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Children: Online Privacy

Volume 756: debated on Thursday 16 October 2014

Question

Asked by

To ask Her Majesty’s Government what assessment they have made of the online privacy of children in the light of recent social media hacking.

My Lords, the Government are concerned by recent reports about the hacking of social media and have established the Child Exploitation and Online Protection Command of the National Crime Agency, with the powers and international reach to tackle these types of crime. The National Crime Agency offers advice to children and parents, and our Cyber StreetWise campaign also advises individuals and businesses on how to stay safe online.

I thank the Minister for that Answer. As he will know, many of the more than 100,000 pictures leaked online in the so-called Snappening incident were of young children, and many of those pictures would constitute child pornography. What are the Government doing to ensure that social media companies tighten up their security? Are the Government considering tougher penalties for social media companies that have not taken sufficient action to protect their customers from data hacking, including pictures? Indeed, why are the Government not taking a harder line on protecting children online?

Obviously, I recognise the expertise and the consistent interest that the noble Baroness has shown in this important issue. I reassure her and the House of the absolute seriousness and determination that I am sure that we all share to protect children against this type of event. For the benefit of the House, it should be said that the Snapchat incident was not in relation to the messaging application itself but in relation to Snapsave, which was an online website that was hacked into. The scale of that, with some 700,000 images per day uploaded by children, also affects the challenges that we find. As for what the Government are doing, one thing that we have done is to establish a joint US and UK taskforce to look at this whole issue. We are delighted that today the noble Baroness, Lady Shields, who heads that taskforce, has been introduced into your Lordships’ House, and can help us in developing and strengthening further the protection that we all seek.

Will the Minister assure the House that the Government will encourage all of us—parents, grandparents and relatives—to do all we can to help young people and children to understand the enduring harm that the use of social media can do if they use it in particular ways?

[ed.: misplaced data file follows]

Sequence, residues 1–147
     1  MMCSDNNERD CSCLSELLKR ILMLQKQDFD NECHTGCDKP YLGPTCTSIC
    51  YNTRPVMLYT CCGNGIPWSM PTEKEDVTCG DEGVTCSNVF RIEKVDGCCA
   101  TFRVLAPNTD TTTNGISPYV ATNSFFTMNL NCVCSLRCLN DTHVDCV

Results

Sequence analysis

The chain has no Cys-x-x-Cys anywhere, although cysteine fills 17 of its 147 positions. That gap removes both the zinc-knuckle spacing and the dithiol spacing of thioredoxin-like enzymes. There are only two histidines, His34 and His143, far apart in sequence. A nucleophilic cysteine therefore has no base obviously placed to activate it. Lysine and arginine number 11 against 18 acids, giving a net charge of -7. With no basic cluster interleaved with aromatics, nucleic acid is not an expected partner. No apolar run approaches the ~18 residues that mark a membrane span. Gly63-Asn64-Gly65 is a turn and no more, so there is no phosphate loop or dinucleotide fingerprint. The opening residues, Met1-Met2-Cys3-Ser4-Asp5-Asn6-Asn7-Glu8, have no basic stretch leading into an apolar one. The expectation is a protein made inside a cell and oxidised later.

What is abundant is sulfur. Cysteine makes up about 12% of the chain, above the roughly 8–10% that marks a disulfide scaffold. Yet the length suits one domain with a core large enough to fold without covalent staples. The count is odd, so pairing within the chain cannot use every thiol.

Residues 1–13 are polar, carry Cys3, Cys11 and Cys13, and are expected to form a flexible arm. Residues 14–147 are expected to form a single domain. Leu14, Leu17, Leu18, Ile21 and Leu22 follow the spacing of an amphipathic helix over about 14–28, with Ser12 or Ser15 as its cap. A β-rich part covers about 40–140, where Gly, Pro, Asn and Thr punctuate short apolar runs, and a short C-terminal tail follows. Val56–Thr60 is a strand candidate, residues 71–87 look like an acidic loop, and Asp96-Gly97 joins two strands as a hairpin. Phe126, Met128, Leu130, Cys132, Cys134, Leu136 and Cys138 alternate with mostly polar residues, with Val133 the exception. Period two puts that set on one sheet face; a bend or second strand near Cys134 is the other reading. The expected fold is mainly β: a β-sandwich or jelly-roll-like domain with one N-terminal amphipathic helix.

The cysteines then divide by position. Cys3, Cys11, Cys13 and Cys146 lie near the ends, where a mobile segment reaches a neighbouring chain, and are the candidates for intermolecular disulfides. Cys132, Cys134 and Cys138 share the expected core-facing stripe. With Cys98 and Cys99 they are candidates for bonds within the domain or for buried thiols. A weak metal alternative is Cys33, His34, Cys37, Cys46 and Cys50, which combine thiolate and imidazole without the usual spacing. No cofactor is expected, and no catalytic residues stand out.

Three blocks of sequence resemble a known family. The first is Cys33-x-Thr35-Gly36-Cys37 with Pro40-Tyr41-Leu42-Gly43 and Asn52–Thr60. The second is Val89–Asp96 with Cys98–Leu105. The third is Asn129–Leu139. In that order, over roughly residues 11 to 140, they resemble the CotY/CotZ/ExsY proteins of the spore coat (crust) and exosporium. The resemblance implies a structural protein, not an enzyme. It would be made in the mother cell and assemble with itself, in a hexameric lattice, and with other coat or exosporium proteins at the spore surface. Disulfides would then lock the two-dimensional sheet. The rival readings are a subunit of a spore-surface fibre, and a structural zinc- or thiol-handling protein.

The noble Lord, Lord Laming, is absolutely right: there is, of course, a role for government and a vital role for the industry but there is also an essential role for parents, and even for children themselves, to be aware of the dangers in which they place themselves when they place these images online.

Does my noble friend the Minister accept the notion that children’s images and messages go into a so-called cloud and can be hacked, leaked and spread? Should those images not be allowed to be stored? I very much agree with the point that this is about ensuring that young people themselves in our schools are made aware of the dangers. That should be part of PSHE.

My noble friend makes an important point. From this September, e-safety guidance must be taught in our schools at all key stages. It is vital that children are made aware of this. We shall need to look very carefully at the issue of storing images online given that the Snapchat application is attractive to young people because images can be uploaded and then disappear, allegedly after a period of up to 10 seconds.

Will the Minister expand a little on the underlying points in the contributions of the previous two noble Lords who have spoken, because fundamental to this issue is that children are educated to understand what privacy is and what it is to have boundaries about what you are prepared to share with other people and what you really should not? Can he say with confidence that the way that the current PSHE syllabus is set up is robust enough to take that into account?

The noble Baroness is absolutely right that we need to keep this matter constantly under review. We cannot be at all complacent about it and the relevant advice will need to be strengthened as the technology advances. The Government have set up a website through the National Crime Agency called Thinkuknow, which is aimed specifically at young people—indeed, children as young as five—and has specific information on this issue. In the context of this Question, new guidance is available there to young people who feel that they may have been a victim of this particular hacking incident.

My Lords, as the shocking case in Indonesia showed, not only are children in this country at risk, but adults in this country are preying on the privacy of children in countries which may not have the same capacity as we do to ensure the privacy of their children.

Yes, indeed, my noble friend is absolutely right. That is why the child exploitation unit command within the National Crime Agency is now able to tap into the National Cyber Crime Unit. There are officers in some 40 different countries around the world. It is also why the Prime Minister will host a conference in December with representatives and partners from more than 50 countries to see what more can be done.

My Lords, has the National Cyber Crime Unit now developed tools through the high-tech crime units to enable this sort of hacking to be tracked down more rapidly, because at the moment it is very difficult to attribute it?

The noble Lord is absolutely right. The child abuse image database seeks to convert images into a string of data, which can then be checked across the industry to identify the victims of these crimes to make sure that they are safeguarded. However, the need to develop new technology further is absolutely critical and the work is ongoing.